The Reds announced Wednesday that they’ve acquired minor league infielder Nick Northcut from the Red Sox as the player to be named later in the deadline trade that sent Tommy Pham to Boston. Northcut hasn’t been on a Major League roster or injured list this season, so he’s eligible to be traded now even with the deadline having passed. That allows the Reds to get a late look at him in their system, rather than waiting until the offseason.
It’s a homecoming for Northcut, a Cincinnati-area native and graduate of William Mason High School — which sits just 25 miles from Great American Ball Park. The 23-year-old Northcut was selected by Boston in the 11th round of the 2018 draft. However, he was considered a top-100 talent in that year’s draft and only lasted as long as he did because he was considered a tough sign who was likely to honor his commitment to Vanderbilt. Boston swayed him with a $565K bonus — roughly in line with late-third-round money. (Pick No. 99 that year, the 25th in the third round, carried a $564K slot value.)
The right-handed-hitting Northcut has appeared at the infield corners almost exclusively in his career, though he did log six innings at shortstop earlier this season (likely in something of emergency fashion). That’s been his lone appearance at any position other than either third base, where he has 1580 professional innings under his belt, or first base, where he’s played 605 frames.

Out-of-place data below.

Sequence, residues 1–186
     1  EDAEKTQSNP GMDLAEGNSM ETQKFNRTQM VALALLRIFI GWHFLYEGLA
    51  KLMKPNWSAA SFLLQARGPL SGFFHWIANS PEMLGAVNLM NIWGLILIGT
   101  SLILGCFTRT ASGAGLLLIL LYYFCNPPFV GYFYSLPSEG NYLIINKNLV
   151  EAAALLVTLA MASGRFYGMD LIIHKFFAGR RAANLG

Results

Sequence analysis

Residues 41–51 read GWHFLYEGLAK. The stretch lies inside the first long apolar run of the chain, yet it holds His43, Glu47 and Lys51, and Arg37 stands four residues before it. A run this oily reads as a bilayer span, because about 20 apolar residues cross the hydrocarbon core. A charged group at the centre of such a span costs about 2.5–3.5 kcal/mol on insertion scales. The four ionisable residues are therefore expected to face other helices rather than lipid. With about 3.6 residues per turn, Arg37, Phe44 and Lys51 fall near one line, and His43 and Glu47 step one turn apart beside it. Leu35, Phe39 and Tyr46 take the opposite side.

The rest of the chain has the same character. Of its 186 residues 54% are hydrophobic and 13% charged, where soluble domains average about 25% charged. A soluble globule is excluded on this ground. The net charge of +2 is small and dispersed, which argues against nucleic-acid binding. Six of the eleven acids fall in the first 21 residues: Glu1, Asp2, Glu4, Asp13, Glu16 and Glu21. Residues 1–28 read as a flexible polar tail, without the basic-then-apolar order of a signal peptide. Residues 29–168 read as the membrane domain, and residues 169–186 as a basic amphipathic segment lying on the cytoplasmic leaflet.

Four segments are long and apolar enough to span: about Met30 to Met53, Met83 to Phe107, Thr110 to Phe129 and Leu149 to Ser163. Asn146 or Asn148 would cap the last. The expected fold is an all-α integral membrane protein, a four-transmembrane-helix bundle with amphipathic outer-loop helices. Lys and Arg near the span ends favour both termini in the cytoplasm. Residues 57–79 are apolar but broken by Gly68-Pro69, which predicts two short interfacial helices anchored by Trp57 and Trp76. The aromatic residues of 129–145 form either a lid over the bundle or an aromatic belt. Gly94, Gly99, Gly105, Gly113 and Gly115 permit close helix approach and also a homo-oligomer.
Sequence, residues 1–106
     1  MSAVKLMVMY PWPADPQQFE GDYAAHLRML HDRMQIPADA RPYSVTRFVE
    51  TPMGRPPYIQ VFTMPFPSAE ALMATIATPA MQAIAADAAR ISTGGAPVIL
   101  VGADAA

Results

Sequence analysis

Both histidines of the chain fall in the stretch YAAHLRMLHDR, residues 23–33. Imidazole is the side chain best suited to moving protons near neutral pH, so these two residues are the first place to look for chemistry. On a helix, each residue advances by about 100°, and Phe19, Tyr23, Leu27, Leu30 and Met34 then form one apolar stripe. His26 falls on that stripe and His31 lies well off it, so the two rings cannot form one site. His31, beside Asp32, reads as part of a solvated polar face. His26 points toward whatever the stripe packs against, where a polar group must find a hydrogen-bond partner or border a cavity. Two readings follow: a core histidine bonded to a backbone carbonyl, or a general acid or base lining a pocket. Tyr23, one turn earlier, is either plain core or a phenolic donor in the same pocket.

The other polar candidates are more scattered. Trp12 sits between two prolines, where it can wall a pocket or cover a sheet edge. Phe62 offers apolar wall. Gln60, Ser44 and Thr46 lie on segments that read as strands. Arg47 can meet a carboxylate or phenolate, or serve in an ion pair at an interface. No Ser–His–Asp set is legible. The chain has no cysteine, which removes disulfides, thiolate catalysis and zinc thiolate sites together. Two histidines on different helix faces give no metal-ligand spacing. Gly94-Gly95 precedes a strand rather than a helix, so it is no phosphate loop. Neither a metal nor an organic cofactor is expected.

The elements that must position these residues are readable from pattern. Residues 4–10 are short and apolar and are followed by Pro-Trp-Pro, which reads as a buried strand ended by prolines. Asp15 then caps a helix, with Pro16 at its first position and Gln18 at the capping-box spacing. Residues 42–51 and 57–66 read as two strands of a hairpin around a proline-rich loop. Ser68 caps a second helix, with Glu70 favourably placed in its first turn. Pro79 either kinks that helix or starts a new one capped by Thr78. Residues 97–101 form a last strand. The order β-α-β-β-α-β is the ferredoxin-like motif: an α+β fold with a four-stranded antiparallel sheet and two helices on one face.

Northcut has shown plenty of pop in the minors this season, swatting 30 home runs and 18 doubles in 428 plate appearances between High-A and Double-A. However, he’s also whiffed in 35% of his trips to the plate and turned in a combined .219/.276/.491 batting line. Northcut’s power is evident, but he’s drawn walks at only a 5.8% clip so far in 2022, which hasn’t been enough to offset the pronounced swing-and-miss in his game.
The struggles to make contact have increased in recent years and prompted Northcut to fall out of the top tiers of the Red Sox’ system; Northcut ranked 19th among Sox farmhands at Baseball America and 23rd at FanGraphs back in 2019 but has fallen off the radar on most prominent assessments of their system. He’ll add a project to Reds’ system, but one with local roots and power that draft-time scouting reports graded as high as 70 on the 20-80 scale.
The Pham swap has worked out reasonably well for the Red Sox, who’ve seen the veteran corner outfielder post a .262/.321/.416 batting line with five homers in 162 plate appearances to this point. That’s about six percent better than league-average, by measure of wRC+, but taking a broader look at the team’s deadline maneuverings as a whole, things simply haven’t panned out. Boston traded away catcher Christian Vazquez and veteran reliever Jake Diekman while bringing in Pham and Eric Hosmer and holding onto its most appealing trade candidates (e.g. Nathan Eovaldi). The Sox were 52-52 when the deadline hit but have played at just a 17-21 pace since that time, falling to 10.5 games out of the American League Wild Card chase.